TMaaS: a revolution in urban traffic management
The Traffic Management-as-a-Service project team – Sophie Gillaerts, Team Leader at City of Ghent, Evert Gellynck, Traffic Engineer at TMaaS partner Be-Mobile, and Prof. Dr. Ir. Sidharta Gautama, Business Developer at UGent Innovation Centre for Intelligent Information Processing (i-KNOW) – talk about the project’s implementation and challenges.
Can you give us a brief explanation about the TMaaS project?
Evert Gellynck: TMaaS will be a modular platform that brings together existing data from different partners about urban mobility. It not only visualises, but also interprets the mobility data that is fed into it, and alerts operators when necessary. Operators and cities can set thresholds and configure preferences for those alerts. They can, in real time, see the status of all transport modes on a dashboard and view historic data. The platform should be able to connect to physical systems, like variable-message signs or traffic lights. The targeted user group for this platform includes the city and its traffic operators, as well as its residents. The first phase is to roll out this concept in Ghent, and at a later stage in other cities. The defining aspect of TMaaS is that it is built by people. It is radically different from previous traffic centres as it is based on a fully digital and virtual platform that processes traffic data and provides real-time information. To achieve this up-to-the-minute information flux, the data is processed and distributed to the users automatically.
Could you tell us more about the current status of the project?
Evert Gellynck: The venture began in February 2018 with a world-class team of researchers, developers and innovators. Our mission was to build an online traffic management centre for cities around the globe. The project will take three years, and is broken down into three phases. The first year will be dedicated to research, with a focus on ascertaining what is required to build the platform, and the characteristics for the traffic management services for both the cities and the end users (i.e. the residents of the cities using the platform). During this stage we will be working closely together with Ghent University and KU Leuven. Among other things, we want to determine what information people would find interesting and what they would like to see on the platform dashboard. The same goes for the traffic operators: what would they like to see included in the platform when offering traffic management as a service to local residents? What information do they need to incorporate into the platform? We will look at the best way to develop the platform based on all of the requirements provided. We are also collecting as much data as possible about the city of Ghent, which we will add to an already-existing large volume of data that will eventually be integrated into the platform.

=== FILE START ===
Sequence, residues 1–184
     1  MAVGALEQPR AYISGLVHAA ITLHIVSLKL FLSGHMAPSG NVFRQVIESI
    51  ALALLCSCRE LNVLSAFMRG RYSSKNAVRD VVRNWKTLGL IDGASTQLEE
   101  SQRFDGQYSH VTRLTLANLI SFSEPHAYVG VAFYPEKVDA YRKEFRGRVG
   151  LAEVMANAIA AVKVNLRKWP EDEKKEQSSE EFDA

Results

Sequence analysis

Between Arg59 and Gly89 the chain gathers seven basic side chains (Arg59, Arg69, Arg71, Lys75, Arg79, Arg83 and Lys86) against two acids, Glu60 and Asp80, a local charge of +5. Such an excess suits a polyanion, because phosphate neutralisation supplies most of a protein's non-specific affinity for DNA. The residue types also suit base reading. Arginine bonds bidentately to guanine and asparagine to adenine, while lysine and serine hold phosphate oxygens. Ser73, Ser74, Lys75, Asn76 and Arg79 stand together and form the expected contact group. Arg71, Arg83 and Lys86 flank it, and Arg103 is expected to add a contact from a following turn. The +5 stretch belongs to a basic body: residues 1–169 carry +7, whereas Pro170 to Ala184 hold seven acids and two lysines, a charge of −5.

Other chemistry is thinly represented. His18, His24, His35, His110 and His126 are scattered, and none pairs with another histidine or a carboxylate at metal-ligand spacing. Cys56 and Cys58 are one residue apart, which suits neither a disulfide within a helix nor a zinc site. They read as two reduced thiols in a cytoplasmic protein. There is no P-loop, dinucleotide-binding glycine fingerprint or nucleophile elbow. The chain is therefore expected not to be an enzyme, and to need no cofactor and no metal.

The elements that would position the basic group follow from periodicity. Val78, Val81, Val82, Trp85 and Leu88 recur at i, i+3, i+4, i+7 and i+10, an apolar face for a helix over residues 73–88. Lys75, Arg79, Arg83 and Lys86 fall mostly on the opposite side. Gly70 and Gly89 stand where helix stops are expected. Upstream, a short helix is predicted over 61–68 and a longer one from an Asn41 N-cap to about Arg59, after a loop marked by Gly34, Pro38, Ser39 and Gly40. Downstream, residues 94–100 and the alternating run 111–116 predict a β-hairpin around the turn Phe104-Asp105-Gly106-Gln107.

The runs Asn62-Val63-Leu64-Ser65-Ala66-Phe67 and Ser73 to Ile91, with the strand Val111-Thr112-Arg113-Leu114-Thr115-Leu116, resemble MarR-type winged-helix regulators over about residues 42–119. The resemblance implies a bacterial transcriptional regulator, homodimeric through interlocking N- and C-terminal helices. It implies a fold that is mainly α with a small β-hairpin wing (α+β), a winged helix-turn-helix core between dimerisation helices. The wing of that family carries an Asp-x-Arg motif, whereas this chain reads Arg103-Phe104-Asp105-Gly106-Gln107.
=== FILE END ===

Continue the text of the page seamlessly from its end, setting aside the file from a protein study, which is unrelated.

How important was it to have residents play a role in the process right from the start?
Sophie Gillaerts: Getting citizens on board is one of our main focal points. Our TMaaS citizen research project, carried out by project partner KU Leuven, is a good example. They recently launched an online call for citizens to participate in the first TMaaS citizen research project. This focuses on the mobility behaviour of residents in the city of Ghent, as well as that of visitors. Throughout April and the first half of May 2018, researchers carried out a mobility diary survey that included mobility tracking and interviews.
The second year will see the actual implementation of the platform in the city of Ghent. Do you foresee any potential problems arising here?